Few artists jump from painting to puppeteering to sculpture to banjo with much ease. Wayne White makes it a daily habit.
And he wins awards for his work. Emmys and MTV music awards and so on.
Remember Pee-Wee’s Playhouse? That’s him.
And the Peter Gabriel’s music video, Big Time? Yep, that’s him again.
Wayne White started making puppets in college to get out of an exam somewhere in Tennessee. Or something like that. Pretty soon his work could be found in major publications across New York City—and the world.
Where did he go from there? Everywhere. Find out more on May 16 when he introduces a documentary about his life—BEAUTY IS EMBARRASSING. This may be Columbus, Ohio’s one chance for face-to-face conversation with Wayne White—an artist of huge range and even huger ideas. The phrase larger-than-life could’ve been created just for him. It’s work with crazy-kazaam, question-yourself, and have-a-good-laugh all rolled into one.
This is your chance. To laugh and go all wide-eyed and maybe even sing along with one of the most popular artists and designers of our time.
About The Film
Documentary filmmaker and designer Neil Berkeley provides a lively, intimate portrait of White and his world, showing us how an insatiable creative spirit has dominated every aspect of his life, from his art to his friendships to his marriage with fellow artist, Mimi Pond.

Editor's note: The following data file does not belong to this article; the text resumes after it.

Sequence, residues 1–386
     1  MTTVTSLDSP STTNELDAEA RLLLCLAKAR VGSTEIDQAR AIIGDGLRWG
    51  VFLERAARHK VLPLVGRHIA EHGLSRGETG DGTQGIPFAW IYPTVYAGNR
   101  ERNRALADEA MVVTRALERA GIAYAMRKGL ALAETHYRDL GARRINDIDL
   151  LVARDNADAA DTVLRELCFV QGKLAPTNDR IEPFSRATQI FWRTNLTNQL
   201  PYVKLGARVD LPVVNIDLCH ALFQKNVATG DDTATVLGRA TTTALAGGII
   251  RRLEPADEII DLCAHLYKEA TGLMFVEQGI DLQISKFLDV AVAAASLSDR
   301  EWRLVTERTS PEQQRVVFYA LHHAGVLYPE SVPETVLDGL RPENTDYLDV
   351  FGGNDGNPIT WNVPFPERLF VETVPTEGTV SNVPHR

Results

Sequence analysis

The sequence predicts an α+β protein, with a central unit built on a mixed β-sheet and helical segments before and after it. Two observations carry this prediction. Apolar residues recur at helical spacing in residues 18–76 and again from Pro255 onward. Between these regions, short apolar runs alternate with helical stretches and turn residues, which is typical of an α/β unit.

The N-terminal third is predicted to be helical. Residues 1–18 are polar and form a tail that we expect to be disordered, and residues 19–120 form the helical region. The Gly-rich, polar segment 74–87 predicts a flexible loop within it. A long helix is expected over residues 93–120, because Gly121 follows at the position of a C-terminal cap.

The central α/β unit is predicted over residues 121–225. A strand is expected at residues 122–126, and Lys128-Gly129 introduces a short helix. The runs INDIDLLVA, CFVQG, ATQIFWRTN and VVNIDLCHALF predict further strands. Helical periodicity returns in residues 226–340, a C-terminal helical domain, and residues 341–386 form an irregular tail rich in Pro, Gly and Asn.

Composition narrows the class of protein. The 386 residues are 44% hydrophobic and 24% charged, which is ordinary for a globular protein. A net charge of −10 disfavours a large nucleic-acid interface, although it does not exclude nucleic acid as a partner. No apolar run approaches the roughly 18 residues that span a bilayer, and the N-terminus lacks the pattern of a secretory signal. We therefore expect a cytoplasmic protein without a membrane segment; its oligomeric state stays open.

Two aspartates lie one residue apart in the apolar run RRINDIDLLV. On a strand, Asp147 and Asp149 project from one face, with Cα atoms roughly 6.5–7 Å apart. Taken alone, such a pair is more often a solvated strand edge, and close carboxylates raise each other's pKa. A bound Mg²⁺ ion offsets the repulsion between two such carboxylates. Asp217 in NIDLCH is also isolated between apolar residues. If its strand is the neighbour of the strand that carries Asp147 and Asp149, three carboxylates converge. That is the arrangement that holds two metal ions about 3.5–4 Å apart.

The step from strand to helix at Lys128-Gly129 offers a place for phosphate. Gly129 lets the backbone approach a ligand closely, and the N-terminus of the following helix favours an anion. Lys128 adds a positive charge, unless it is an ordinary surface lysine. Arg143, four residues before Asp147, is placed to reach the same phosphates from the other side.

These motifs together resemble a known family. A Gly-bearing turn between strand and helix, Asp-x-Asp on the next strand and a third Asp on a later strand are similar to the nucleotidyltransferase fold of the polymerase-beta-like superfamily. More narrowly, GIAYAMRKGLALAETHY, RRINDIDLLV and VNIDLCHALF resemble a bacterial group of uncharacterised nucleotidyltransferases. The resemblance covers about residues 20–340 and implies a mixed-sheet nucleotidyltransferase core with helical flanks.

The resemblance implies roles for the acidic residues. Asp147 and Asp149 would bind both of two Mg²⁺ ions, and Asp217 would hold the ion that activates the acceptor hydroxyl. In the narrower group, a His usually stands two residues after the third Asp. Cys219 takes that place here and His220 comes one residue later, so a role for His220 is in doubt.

BEAUTY IS EMBARRASSING is built around an autobiographical show White performs for a theater audience. Berkeley uses this performance as a springboard to explore the many facets of White’s life and work. He also draws on interviews with colleagues and admirers, vintage home movies, behind-the-scenes footage of Pee Wee’s Playhouse, and more.
About Wayne White
Wayne White is an American artist, art director, illustrator, puppeteer and much, much more. Born and raised in Chattanooga, Wayne has used his memories of the south to create inspired works for film, television and the fine art world. After graduating from Middle Tennessee State University Wayne traveled to New York City where he worked as an illustrator for The East Village Eye, New York Times, Raw Magazine and the Village Voice.
In 1986, Wayne became a designer for the hit television show Pee Wee’s Playhouse and his work was awarded with three Emmy’s. Wayne continued to work in television, designing sets and characters for shows such as Shining Time Station, Beakman’s World, Riders In The Sky and Bill & Willis. He also worked in the music video industry winning Billboard and MTV Music Video Awards as an art director for seminal music videos including The Smashing Pumpkins’ Tonight, Tonight and Peter Gabriel’s Big Time.
More recently, Wayne has had great success as a fine artist and has created paintings and public works that have been shown all over the world. His most successful works have featured oversized, three-dimensional text painstakingly integrated into vintage landscape reproductions. The message is often thought provoking and almost always humorous —Wayne points a finger at vanity, ego, and his memories of the South. Wayne has also received great praise for several public works he has created recently including a successful show at Rice University where he built the world’s largest George Jones puppet head for a piece called Big Lectric Fan To Keep Me Cool While I Sleep.
In 2009 Wayne’s life and career were chronicled in an incredible 382-page monograph edited by Todd Oldham. The book features hundreds of images from Wayne’s earliest work as an illustrator all the way to his most recent fine art sculptures.